Published by reliefweb on March 19, 2018
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- We travelled to Bangladesh in early March 2018 as part of our inquiry into DFID’s work in Bangladesh and Burma1 commenced in October 2017.2
- As part of the programme, we visited the Rohingya refugee camps in Cox’s Bazar to follow-up on our interim report on that crisis (published in January 20183). The scale of the displacement, the provision made by the Bangladesh authorities and the efforts of the various international agencies, NGOs and other organisations, have to be experienced at first hand to be fully appreciated.4
A new crisis
- However, during discussions in the camps and afterwards, it became clear that a second challenge was fast approaching with the potential to derail, if not utterly negate, all the painful progress made in offering the displaced Rohingya refugees a measure of sanctuary, safety and hope. The matters raised were of such urgency that we felt a further interim report was required without delay.
- While in Bangladesh, we heard grave and convincing concerns from many quarters that a substantial proportion of the Rohingya refugees’ accommodation was extremely vulnerable to the heavy rainfall that the imminent monsoon season would bring. Without decisions and action being taken very quickly to enable relocation to begin — and to facilitate other mitigations — people were going to die.
Extreme weather: heavy rain, storms, cyclones
- The location, distribution and conditions of the Rohingya refugees’ camps and accommodation make them extremely vulnerable to the expected volumes of rainfall forecast for the 2018 wet weather, or ‘monsoon’, season and to the tropical storms and cyclones that are also a severe threat over the coming months. We were told that there were very serious risks of death, destruction and disease arising directly from flooding as well as consequent landslides and the escape of sewage and other forms of waste into a water-logged environment. These risks are estimated to affect some 230,000 Rohingya refugees.5 With around 500 Rohingya still arriving each week into the Cox’s Bazar district, the population under threat is constantly increasing.
- This issue is extremely urgent for the simple reason that, at the time of writing, it is already mid-March and persistent rain is expected to begin in Cox’s Bazar in April until October with very heavy rainfall in June, July and August. Cox’s Bazar is expected to experience over two and a half metres of rainfall during these three months alone –average annual rainfall in the UK as a whole is 885 mm.
- Conditions and factors in the Rohingya refugee camps which were described to us as creating, or aggravating, weather-related threats and risks included:• the location of the camps in an area which experiences strong winds and cyclones without the benefit of the evacuation systems and cyclone shelters that have worked effectively for the Bangladeshi population but do not have capacity for the refugees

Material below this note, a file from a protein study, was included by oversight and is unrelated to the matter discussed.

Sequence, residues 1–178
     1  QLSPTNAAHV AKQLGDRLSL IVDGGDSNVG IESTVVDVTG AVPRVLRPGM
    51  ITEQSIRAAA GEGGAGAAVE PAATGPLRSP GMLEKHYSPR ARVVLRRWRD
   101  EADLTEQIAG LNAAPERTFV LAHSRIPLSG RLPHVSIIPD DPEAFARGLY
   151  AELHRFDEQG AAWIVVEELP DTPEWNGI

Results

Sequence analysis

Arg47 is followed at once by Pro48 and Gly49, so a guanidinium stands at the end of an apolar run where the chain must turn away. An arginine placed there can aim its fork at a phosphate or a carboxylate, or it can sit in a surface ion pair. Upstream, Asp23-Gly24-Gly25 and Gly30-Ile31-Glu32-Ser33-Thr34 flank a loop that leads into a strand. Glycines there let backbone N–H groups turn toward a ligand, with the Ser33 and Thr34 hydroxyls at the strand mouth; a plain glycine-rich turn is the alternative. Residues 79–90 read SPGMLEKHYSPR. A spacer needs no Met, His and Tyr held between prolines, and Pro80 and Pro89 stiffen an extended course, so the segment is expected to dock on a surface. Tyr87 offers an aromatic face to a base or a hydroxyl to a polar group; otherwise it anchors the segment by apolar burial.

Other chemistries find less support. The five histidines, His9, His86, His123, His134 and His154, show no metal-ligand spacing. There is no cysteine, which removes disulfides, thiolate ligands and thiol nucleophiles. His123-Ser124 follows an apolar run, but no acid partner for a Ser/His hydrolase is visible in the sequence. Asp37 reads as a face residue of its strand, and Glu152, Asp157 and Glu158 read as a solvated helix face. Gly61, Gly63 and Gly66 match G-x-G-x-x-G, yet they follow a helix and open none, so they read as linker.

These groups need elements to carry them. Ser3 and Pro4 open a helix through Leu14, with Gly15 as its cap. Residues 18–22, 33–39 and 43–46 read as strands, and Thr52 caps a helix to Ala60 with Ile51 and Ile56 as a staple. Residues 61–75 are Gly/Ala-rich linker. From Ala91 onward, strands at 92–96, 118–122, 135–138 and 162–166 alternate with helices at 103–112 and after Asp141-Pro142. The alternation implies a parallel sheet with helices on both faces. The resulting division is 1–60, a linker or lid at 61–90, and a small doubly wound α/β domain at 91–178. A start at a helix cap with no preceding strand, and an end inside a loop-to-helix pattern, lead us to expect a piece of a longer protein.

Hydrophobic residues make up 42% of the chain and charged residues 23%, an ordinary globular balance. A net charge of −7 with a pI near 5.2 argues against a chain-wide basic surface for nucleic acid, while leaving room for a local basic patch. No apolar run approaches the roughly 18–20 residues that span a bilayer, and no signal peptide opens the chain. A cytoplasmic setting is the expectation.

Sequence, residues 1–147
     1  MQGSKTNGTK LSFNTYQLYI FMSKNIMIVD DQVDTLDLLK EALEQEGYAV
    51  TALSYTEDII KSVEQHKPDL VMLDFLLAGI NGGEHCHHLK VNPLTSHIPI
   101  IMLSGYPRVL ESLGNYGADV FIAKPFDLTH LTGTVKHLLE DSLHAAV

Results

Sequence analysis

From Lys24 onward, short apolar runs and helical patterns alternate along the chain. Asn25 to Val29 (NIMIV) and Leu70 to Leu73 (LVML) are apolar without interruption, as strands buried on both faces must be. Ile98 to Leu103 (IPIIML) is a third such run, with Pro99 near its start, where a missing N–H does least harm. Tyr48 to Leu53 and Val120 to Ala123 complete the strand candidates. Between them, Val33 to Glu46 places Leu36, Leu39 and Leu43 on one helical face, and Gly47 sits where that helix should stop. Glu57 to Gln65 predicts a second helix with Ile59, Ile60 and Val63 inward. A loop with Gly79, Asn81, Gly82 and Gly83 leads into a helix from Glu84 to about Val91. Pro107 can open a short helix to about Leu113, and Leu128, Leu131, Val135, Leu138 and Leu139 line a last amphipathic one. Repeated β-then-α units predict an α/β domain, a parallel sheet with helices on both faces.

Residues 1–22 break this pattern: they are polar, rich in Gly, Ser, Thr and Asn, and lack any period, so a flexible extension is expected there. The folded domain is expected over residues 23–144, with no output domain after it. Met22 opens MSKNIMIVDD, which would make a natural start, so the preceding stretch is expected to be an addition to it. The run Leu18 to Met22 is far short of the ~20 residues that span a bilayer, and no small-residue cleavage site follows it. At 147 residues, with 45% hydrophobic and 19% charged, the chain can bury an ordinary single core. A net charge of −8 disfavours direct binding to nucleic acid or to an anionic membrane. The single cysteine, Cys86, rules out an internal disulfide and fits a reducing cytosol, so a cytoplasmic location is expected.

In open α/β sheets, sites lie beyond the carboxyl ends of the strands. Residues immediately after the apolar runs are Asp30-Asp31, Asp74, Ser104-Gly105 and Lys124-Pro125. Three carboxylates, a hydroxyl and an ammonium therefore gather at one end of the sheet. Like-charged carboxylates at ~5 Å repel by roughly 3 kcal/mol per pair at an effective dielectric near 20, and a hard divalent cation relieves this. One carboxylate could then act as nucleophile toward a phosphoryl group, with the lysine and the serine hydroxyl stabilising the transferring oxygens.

• restrictions on the use of durable materials, coupled with the sheer weight of demand, which have prevented the construction of new emergency shelters and led to the siting of structurally poor accommodation on hilltops and slopes offering limited protection from wind and wind-born debris
• deforestation for fuel which has denuded the landscape and the consequent loss of binding root growth which has exacerbated the structural weakness of the sand and silt-based terrain, increasing the refugees’ vulnerability to mud and landslides
• the sheer size, topography and population density of the Rohingya refugee camps — plus the inhabitants’ previous lack of access to effective health care, in particular vaccinations — which have already created conditions ripe for a public health disaster (diphtheria has already appeared7), and
• the inevitable overwhelming of temporary sanitation arrangements by heavy rainfall, resulting in the environment being flooded by sewage, creating new vectors for the spread of contagious diseases.
- We were told that the window of opportunity for establishing risk reduction and preparedness measures is closing. As the table above demonstrates, the time remaining until the rains start in earnest could be a matter of days. This in itself will hamper any efforts to take the steps necessary to prepare for the genuine deluges expected to start within two and half months.
- In addition to the challenge of taking action once the rainy season has started, a number of substantial other obstacles and barriers to reducing the level of hazard, threat and risk for the Rohingya were drawn to our attention. • The lack of access to sufficient suitable land was a key issue, with the obvious response being the immediate relocation of the most exposed or vulnerable people to other sites away from dangerous slopes and riverbeds. • There was, however, a consensus amongst the wide range of credible representatives we spoke to that that identifying suitable alternative land was not the issue so much as the granting, by the Bangladesh authorities, of access to it. • DFID, the UN agencies and others argued that key implementing partners, such as the NGOs, could not be operationally effective without being able to secure appropriate visas from the Bangladesh authorities which permitted sufficient access and for feasible periods of time